What am I missing? That the above two fellows behaved somwhat unrestrained in that way, and that we now have talk about wanting to increase the potential for that kind of behaviour again?

                For me personally, I’m truly as rude and aggressive as the next guy, but according to my understanding of the faith, I believe I must try to be just the opposite. But is this the (mis)understanding of someone who’s still relatively young in the Church, who doesn’t get something that’s too subtle for him?

                One of the main reasons I ask is that Dr Stankovic and Monk James weren’t the only Orthodox who came off this way. On several occasions, I’ve also seen it on people in real life, including experienced priests etc., and I’m positive they wouldn’t do it if they shouldn’t, which is to say, it’s more deliberate than the occasional slip we all have, leading me to think that it must be ok, and yet I don’t know why.

                If anyone understands what I’m saying and would explain a thing of two to me, I’d be grateful.

                • RE: “What am I missing?”

                  Nothing, my friend. You have missed nothing.

                  The teaching of the Church is based on the Scriptures and the Tradition of the Church which are closely tied. In our Tradition, we have Saints Peter and Paul as examples of how we are to conduct ourselves. St. Paul rebuked a practice of St. Peter. St. Peter saw the justice of the rebuke and the disagreement was resolved. I think what’s important is St. Paul was not rebuking the person of St. Peter.

                  There is also an abundance of information in the Scriptures about how one should conduct oneself, but I like 1 Corinthians 13:4-8:

                  Love suffers long and is kind; love does not envy; love does not parade itself, is not puffed up; 5 does not behave rudely, does not seek its own, is not provoked, thinks no evil; 6 does not rejoice in iniquity, but rejoices in the truth; 7 bears all things, believes all things, hopes all things, endures all things.

                  8 Love never fails. But whether there are prophecies, they will fail; whether there are tongues, they will cease; whether there is knowledge, it will vanish away.

                  George and I are having a discussion about this.

                • Well, common sense is not abrogated. Bear in mind, St. Athanasius once punched someone for heresy. We’re not Vulcans or Gandhi. Sometimes the “gentle, meek and mild” thing gets overstressed.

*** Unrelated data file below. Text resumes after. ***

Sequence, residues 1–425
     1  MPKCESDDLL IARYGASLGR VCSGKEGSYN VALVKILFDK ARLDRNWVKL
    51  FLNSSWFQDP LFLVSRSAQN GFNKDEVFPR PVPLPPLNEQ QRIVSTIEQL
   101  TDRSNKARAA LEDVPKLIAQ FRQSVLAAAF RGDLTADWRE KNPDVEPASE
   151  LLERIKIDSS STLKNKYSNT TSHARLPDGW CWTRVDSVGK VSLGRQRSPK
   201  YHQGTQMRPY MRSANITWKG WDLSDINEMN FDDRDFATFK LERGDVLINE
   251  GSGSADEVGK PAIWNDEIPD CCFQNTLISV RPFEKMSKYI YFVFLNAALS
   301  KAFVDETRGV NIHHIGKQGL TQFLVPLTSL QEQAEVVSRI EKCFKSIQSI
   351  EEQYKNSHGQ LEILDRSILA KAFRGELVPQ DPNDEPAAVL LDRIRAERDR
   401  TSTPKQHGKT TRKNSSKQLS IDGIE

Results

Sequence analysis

• Misha, in writing what I said, I wish I had have mentioned how I understand the place of righteous anger and also the need (if I can call it that) to be real, human, not fake or plastic, or carry on with a sickening kind of piety. Within all of that is where St Athansius’s actions fall and yet what I was trying to describe was something else, namely, the almost constant aggressive or rude behaviour by certain Orthodox, who, because they surely must know better, could be thought of giving that behaviour legitimacy, in which case, I’d like to understand how that can be – if at all.

                  • I think punching for heresy is fine!

          • Johann Sebastian says

            Dr. Stankovich came to mind, as well as the other ones that you’ve listed.

            There was also someone posting a lot of incoherent and impassioned word salad under a dedicated handle. It was so bad that it was good.

            • So bad it was good! I think I know who you’re talking about, too.

              • Johann Sebastian says

                As for me, I just come in every now and then to give a Galician/Transcarpathian vote in favor of Russkiy Mir.

            • Christine says

              I remember him well and know to whom you’re referring. His comments were bizarre yet strangely deep. Sometimes I would laugh out loud, then think to myself, wow, he is awesome and good for him for speaking his mind.

        • Sarah Karcher says

          I personally prefer the “slow comments.” Much in our world is fast and anything non-urgent that requires us to stretch our patience is, in my opinion, beneficial. There are some downsides but overall it kind of feels like the internet version of sending a postcard, to me. Slower but higher quality information, especially since it gives people some time to think over what they said.